I work for a living. I know, hard to imagine that I can find time for a job. But I do. Work for a nice, big company, with lots of people in it. Used to be a lot fewer people, but then we executed a merger. We got hugely enormous and became genuinely multinational in the process. This is cool, because it means that sometimes I get to go to Paris. And I like to go to Paris. Not just for the food, either, though that's certainly a draw.
On my first trip to Paris, the folks on my team wanted to get to know each other. So we did a personality analysis.
As our consultants explained, each of us is a blend of three colors, one of which is usually dominant. If you're mostly blue, you are heavily analytical, always thinking about the future, and generally staring at your bellybutton because you are so inwardly focused. If you are red, you are driving and driving and driving - though you may not always know toward what, and that "what" may sometimes be a big giant cliff. And if you are green, you are the Chatty Cathy of the group, the social butterfly, the networker. And you are always late, because the person you are talking to right now is incredibly important. This pisses off the blue people, who are always on time because they are insanely precise, as well as the red people, who never wait for anyone.
This will come as a complete shock, of course, but I am mostly green. I am also always late.
On Wednesday after work, I walked into my hotel and found an American friend in the lobby, waiting for her French boss, who was joining her for dinner. I kept her company while she waited. Of course, he was late. He is green. She is green, too, so we understood. And when he arrived, apologizing, we explained that there was no need because all of us are green.
At which point, green social beast that he is, he invited me to dinner with them. For which, huge thanks.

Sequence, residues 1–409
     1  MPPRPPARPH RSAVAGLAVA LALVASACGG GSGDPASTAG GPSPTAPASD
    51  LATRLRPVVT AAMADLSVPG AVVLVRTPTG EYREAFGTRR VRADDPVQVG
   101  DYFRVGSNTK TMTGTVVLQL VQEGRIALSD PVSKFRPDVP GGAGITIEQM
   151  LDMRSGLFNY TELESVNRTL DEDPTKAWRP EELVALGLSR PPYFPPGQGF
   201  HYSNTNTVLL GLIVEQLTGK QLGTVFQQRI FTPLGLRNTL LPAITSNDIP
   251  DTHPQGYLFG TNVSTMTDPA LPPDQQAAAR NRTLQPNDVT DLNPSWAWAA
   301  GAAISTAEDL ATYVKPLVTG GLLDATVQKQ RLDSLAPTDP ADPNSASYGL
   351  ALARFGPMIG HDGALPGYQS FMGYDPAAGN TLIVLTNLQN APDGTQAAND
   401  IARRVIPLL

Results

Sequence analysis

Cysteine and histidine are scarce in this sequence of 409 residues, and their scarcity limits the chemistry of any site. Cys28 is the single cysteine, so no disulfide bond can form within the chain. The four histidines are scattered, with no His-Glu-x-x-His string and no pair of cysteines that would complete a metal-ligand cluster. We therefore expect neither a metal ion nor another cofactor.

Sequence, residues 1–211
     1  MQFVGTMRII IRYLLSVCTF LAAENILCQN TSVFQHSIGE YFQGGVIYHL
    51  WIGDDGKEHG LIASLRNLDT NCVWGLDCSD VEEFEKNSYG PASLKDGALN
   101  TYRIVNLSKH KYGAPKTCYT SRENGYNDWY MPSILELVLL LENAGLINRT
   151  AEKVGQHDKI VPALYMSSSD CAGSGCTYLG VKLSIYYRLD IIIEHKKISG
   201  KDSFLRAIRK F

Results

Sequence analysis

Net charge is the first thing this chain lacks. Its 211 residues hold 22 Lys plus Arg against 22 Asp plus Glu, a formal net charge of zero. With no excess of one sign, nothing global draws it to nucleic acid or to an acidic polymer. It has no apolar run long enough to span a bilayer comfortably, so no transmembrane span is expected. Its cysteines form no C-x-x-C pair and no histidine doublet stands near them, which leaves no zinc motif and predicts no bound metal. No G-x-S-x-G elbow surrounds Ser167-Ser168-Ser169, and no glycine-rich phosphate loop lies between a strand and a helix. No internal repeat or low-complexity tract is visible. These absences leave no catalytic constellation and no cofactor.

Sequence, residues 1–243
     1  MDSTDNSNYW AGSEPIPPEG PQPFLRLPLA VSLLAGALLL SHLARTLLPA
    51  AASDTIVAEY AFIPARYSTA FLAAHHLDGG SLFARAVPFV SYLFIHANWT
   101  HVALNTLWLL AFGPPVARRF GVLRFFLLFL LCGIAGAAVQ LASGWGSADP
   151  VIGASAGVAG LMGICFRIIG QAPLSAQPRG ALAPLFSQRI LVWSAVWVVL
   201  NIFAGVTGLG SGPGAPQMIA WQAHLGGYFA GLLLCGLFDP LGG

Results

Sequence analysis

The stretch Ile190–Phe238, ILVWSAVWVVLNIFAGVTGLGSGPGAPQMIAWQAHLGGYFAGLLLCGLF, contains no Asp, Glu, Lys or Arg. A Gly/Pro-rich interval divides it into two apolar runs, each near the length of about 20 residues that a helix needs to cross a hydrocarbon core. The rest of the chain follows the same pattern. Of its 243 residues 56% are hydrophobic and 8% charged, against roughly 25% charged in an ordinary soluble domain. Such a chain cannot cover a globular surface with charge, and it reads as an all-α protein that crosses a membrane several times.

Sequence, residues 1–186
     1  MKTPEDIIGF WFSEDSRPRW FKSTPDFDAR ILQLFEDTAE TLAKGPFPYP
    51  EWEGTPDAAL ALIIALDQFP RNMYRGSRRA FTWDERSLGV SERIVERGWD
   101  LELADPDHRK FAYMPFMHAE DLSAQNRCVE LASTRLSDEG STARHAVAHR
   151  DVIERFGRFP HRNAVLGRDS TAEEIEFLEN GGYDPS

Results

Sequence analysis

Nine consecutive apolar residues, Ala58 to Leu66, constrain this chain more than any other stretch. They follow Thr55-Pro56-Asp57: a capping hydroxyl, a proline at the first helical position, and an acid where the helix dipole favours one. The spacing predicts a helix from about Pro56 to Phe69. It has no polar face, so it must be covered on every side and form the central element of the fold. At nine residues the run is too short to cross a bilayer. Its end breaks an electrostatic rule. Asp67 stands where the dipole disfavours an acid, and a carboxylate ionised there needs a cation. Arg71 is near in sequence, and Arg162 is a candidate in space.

We spent 45 green minutes on the sofa getting to know each other before we realized that if we didn't leave we'd never find an open restaurant. Then we chatted at the table without even looking at the menus for at least 20 green minutes more before we realized that if we didn't order we wouldn't eat before midnight.
Everything was late. None of us cared. We were too busy enjoying being green together.
The food wasn't bad, either. At the aptly named Spicy restaurant, we enjoyed intriguingly spiced dishes along with a chilled bottle of red wine (and J-P, if you read this please share what type of wine it was because I loved it and I cannot remember). Oh, but the best part - aside from the green conversation - was the dessert. It was called Spicy Coffee. And with that, I learned a new food word - degustation. For Spicy Coffee was a bit more than that. Along with our teeny tiny cups of French coffee, we each enjoyed a degustation of two insanely fabulous desserts. One was a small, cannoli-like pirouette cookie filled with an appropriately green pistachio cream. The other - it was ooh-la-la good! On the top, chopped spiced fruit - maybe apple? Then a thick layer of a smooth custard akin to vanilla pudding, only richer. And then, at the bottom, a layer of perfectly spiced and saturated gingerbread. Together in one bite, they blended perfectly. Rather like our conversation that evening. Fabulous!
We closed the restaurant. Then our newest French friend suggested we see the Eiffel Tower at night, so we did ... and, not realizing that our green natures had brought us to the Tower after midnight, we missed the last subway train back to the hotel. So we chatted and walked and chatted some more. Crossed the Champs Elysees, all bright lights and cars and dramatic presence. Chatted a bit more. And finally made it back to the hotel at 2:00 a.m.
Being green is a bit like being blonde: you just have more fun. Though one might occasionally appreciate just a little more sleep.